People who work on the web are always thinking about what’s next for the platform.
Ten years ago the nebulous phrase “web 2.0” was prevalent. Its real meaning was vague. But generally speaking, it anticipated an evolution in websites that emphasised more user-generated content and interaction. The web 2.0 buzzword faded away as social media took over those user-generated content duties, and as mobile gradually took over.
But are we about to see a real transformation in how the web works?
A great deal has changed since the phrase web 2.0 was being bandied around. Most significantly, we have seen the rise of smartphones. Mobile apps have arrived as a result. The new mobile landscape has often been seen as a threat to the open web. You might even say the web is in crisis.
I care about this because I love the web. Its low barrier to entry, along with its inherent openness, has made it one of the most important and democratising platforms in history.
Tough questions for the mobile web
Yes, the web works on mobile devices. But the mobile web is an increasingly troubled landscape.
Web professionals have not been sharp enough at keeping a lid on page weight. In fact, the size of webpages has spiralled up and up.
Web developers use too much wasteful code. Marketers want too many flashy animations. And worst of all, publishers have entered a race to the bottom by stuffing their pages full of intrusive adverts.
A recent DoubleClick (Google) report outlined a number of frightening statistics that underline just how badly website owners have dropped the ball. To take one example, the report found that the average mobile webpage makes a staggering 214 server requests. That’s the average! Of those, 107 requests are related to adverts.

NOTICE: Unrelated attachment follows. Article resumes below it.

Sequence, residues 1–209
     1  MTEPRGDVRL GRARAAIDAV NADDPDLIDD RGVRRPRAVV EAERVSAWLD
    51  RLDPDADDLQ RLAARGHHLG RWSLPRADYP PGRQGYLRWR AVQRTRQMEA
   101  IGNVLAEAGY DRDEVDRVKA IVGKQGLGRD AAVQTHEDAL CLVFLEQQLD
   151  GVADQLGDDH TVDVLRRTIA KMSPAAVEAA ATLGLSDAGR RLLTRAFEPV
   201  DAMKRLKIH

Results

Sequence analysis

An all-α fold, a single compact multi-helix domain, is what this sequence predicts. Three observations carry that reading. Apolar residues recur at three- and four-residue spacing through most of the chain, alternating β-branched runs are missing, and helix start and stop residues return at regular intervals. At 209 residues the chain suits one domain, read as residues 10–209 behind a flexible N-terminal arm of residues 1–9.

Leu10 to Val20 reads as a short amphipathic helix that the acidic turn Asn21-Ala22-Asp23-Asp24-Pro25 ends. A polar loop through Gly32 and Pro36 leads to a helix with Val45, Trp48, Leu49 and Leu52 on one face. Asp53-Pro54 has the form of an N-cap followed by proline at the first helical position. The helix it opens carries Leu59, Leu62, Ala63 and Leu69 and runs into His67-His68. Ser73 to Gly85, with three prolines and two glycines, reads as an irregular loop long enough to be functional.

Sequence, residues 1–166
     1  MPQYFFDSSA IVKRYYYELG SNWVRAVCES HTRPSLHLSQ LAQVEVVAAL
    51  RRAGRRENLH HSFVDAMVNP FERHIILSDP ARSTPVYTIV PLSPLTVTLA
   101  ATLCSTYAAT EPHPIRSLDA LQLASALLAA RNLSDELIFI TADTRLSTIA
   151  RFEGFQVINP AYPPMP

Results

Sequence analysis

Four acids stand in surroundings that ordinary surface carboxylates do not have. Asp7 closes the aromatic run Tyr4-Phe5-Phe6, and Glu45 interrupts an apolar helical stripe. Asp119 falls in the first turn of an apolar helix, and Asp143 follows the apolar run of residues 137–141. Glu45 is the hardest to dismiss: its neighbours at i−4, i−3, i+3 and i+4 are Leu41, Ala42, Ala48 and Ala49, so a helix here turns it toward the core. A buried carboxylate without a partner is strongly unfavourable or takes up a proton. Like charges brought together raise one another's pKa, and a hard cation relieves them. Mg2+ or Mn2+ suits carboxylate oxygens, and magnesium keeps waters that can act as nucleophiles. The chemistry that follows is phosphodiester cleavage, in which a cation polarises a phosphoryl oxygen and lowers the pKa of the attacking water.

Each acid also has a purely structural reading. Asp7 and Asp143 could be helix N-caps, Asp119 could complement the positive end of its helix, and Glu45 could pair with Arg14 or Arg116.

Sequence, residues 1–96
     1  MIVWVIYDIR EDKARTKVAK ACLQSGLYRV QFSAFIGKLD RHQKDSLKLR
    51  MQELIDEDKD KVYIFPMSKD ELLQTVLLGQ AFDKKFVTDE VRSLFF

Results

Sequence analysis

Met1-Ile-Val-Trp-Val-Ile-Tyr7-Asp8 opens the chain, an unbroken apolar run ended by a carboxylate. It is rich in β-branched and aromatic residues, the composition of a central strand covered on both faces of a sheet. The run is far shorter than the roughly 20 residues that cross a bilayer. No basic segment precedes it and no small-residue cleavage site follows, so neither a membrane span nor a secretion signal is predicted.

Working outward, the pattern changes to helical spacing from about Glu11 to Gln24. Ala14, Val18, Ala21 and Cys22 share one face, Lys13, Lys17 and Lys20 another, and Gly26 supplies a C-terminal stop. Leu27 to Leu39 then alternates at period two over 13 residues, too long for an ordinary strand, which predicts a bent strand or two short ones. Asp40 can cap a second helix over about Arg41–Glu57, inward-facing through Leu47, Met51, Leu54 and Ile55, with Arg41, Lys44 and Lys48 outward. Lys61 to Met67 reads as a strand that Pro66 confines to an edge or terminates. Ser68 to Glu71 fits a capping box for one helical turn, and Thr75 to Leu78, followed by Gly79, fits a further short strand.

As a result of all this, people hate using the mobile web. (Incidentally, it is also little wonder that people don’t turn back once they have installed an ad blocker and discovered a much faster experience.)
Users are fed up and frustrated with the slow web experience.
The tech giants have reacted — by creating closed ecosystems. Facebook introduced Instant Articles. It is a speedy format, but a mechanism that keeps users firmly within Facebook’s walled garden, and away from the open web where people might — gasp — discover life after Facebook.
Apple News is at least based on an existing standard (unusual for Apple) — XML. But once again it is designed to keep users away from their web browsers, lest people discover content that has not been curated by Apple.
Google’s own answer, Accelerated Mobile Pages, is at least more open and web-friendly. But the fact that it even had to be invented in the first place still raises serious questions about the direction of the mobile web.
Mobile apps — sagging appeal
Then of course there are mobile apps. For those of us who loved the web because it was supposed to help end monopolisation, it is worrying that it is being usurped by closed mobile ecosystems that bake in the first-mover advantage. So much for the democratisation of communication.
But now — would you believe it — we are facing the prospect of the app boom being over. Most apps are seeing a decline in growth, with the top 15 app publishers experiencing a 20% decline this summer, according to Nomura.
Other research has shown that the majority of smartphone users download zero apps per month.
Yet apps are still apparently bigger than the web, accounting for 52% of time spent with digital media in the US. But 42% of the time people spend on apps is spent on that person’s one favourite app. For the vast majority of apps, retention rates are appalling.